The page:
Brazilian farmers are battling a voracious caterpillar that likely arrived from Asia, challenging the agricultural superpower’s widely touted mastery of tropical farming just as it is on the verge of becoming the world’s top soybean producer. <
The caterpillar, a helicoverpa armigera, thrives in dry heat. It was seen for the first time in the Americas on cotton farms in drought-prone western Bahia in 2012, fuelling panic for farmers who had no idea what it was.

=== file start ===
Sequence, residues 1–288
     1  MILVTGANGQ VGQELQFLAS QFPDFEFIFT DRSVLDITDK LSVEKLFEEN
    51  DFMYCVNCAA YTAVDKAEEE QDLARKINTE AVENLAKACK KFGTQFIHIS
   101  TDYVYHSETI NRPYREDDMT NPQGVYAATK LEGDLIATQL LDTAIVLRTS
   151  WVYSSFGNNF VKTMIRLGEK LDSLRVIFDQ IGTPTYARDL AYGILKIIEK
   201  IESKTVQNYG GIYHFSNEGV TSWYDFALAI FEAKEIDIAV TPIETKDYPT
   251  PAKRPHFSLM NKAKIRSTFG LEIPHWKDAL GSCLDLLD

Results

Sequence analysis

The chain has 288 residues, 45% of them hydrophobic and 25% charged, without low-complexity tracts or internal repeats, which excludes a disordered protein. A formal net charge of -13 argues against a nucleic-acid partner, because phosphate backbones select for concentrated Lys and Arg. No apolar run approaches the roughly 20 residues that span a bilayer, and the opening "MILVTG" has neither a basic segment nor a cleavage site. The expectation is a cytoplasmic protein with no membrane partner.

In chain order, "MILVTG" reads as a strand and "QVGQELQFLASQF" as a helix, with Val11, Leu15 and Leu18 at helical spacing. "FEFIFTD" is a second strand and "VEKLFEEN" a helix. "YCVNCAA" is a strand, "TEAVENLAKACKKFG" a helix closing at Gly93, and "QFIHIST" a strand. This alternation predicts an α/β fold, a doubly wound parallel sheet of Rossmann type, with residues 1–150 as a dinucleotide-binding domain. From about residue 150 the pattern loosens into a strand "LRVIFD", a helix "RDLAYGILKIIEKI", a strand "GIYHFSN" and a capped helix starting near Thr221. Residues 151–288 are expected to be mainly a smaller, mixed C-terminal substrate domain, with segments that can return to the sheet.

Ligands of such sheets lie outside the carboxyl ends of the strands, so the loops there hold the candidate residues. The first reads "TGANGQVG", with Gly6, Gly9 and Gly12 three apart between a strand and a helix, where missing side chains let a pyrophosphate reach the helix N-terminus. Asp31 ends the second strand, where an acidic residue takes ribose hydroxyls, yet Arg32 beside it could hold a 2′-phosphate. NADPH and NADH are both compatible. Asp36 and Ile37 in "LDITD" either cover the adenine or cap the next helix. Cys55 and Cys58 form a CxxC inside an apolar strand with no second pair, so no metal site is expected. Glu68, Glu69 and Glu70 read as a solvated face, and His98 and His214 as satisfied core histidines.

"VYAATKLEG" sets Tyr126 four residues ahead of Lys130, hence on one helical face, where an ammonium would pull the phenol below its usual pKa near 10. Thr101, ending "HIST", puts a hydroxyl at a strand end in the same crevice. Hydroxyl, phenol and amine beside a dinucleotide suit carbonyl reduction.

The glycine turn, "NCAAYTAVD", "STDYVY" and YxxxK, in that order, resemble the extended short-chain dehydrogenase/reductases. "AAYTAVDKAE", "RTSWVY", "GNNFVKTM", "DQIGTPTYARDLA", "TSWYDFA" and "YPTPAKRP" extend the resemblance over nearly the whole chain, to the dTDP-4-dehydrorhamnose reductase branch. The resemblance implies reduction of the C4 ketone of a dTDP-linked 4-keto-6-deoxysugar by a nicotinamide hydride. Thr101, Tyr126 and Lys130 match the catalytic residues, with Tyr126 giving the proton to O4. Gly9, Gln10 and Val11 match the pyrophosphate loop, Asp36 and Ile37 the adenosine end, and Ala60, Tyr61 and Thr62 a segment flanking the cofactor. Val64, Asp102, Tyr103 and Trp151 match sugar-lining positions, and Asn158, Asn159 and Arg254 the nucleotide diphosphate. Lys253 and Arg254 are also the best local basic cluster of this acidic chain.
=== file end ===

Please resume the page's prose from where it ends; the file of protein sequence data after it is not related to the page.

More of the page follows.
The caterpillar was soon in soybean fields thousands of kilometers away thanks to the long-distance flying power of its moths, consuming everything from tomatoes to sorghum.
While crop losses have thus far been limited, Brazil is now on red alert over the nation’s third major pest outbreak in 30 years.
The caterpillar seems to be eating away at Brazil’s claim to have conquered the craft of growing reliable crops in a tropical region where pests and disease can spread more quickly than for other growers.
Bahia, one of Brazil’s newest farming frontiers, lost three million tons of soy.